Preserving family history via photography is like an archaeological excavation: it involves the exposure, processing, and recording of remains. But to uncover the truth – or at least an interpretation of the ‘apparent truth’ of an image – a ‘hunt’ or ‘dig’ is required.
My project 'Excavations' explores the invisible social space of family storytelling. I make chromogenic colour prints (in the darkroom) of family photographs using vintage expired Kodak film, as well as using snapshots from the album, and then carefully hand-sand them with various types and grades of sandpaper. Using sandpaper means I can blur detail, smooth areas, roughen up patches, and remove people or landscapes altogether…in other words, grind and polish my past, present, future. I make the importance of the snapshot as a memory-based object more beguiling. New stories emerge through interaction, transforming presence into symbolic absence.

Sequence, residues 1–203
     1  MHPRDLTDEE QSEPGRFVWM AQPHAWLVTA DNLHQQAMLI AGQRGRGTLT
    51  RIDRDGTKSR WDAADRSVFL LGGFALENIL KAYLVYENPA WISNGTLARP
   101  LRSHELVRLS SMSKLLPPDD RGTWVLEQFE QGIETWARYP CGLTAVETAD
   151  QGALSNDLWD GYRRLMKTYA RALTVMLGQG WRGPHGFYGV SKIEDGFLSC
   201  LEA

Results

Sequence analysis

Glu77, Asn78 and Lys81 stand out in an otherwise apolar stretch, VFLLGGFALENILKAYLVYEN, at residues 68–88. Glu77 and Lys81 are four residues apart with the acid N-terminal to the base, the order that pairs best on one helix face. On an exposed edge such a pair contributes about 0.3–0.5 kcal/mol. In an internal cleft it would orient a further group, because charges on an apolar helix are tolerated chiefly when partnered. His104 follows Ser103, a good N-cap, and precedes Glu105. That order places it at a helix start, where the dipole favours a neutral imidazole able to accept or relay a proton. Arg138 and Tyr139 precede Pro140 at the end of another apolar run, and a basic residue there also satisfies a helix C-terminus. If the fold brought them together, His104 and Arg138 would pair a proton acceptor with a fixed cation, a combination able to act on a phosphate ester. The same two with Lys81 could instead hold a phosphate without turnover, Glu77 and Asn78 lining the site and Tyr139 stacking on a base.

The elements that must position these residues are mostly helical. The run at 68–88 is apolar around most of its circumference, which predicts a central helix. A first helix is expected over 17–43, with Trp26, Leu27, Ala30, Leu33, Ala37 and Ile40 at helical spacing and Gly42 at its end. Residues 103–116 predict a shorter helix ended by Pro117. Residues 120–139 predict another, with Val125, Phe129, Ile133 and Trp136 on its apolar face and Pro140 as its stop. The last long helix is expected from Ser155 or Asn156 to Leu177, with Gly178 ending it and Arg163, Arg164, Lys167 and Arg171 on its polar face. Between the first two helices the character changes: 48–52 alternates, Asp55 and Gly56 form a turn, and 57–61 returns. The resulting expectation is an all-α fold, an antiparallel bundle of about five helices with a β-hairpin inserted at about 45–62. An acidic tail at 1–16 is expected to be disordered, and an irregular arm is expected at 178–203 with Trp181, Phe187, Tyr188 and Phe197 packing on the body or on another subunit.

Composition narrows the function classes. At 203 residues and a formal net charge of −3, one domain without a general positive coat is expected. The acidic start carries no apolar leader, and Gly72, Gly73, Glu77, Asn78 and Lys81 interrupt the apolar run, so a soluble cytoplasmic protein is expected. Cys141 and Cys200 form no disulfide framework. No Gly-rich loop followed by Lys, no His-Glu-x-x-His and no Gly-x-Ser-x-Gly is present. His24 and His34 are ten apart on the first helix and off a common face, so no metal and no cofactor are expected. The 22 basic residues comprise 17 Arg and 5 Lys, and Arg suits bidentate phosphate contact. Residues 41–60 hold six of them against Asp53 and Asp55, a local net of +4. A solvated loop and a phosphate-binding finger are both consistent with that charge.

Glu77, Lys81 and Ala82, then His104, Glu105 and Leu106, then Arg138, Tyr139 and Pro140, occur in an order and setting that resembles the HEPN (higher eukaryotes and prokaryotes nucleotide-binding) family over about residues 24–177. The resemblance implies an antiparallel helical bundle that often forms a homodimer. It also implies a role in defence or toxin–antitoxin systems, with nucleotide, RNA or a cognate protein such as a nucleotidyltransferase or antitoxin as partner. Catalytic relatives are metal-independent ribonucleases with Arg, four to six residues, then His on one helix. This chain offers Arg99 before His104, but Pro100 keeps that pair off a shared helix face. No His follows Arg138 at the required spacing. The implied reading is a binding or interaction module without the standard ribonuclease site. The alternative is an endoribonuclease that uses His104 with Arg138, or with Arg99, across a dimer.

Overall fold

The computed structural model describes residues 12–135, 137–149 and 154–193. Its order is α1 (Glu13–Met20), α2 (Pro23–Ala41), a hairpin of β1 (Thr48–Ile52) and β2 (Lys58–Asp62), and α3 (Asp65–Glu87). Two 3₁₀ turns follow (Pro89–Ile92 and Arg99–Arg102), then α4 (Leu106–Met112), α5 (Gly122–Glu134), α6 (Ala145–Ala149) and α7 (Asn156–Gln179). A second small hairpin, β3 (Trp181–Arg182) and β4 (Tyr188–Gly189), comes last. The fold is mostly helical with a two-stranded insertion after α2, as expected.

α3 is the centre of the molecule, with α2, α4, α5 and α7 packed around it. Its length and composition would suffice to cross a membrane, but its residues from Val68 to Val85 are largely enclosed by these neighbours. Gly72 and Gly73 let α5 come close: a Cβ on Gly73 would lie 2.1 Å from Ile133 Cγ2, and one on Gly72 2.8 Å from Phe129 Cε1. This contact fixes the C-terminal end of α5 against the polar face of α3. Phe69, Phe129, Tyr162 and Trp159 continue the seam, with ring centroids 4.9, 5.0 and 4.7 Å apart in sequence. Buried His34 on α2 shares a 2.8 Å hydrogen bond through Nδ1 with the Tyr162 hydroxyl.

The new images, printed as unique prints, challenge how past events are re-presented to us through imagery and how these can influence what we think and believe.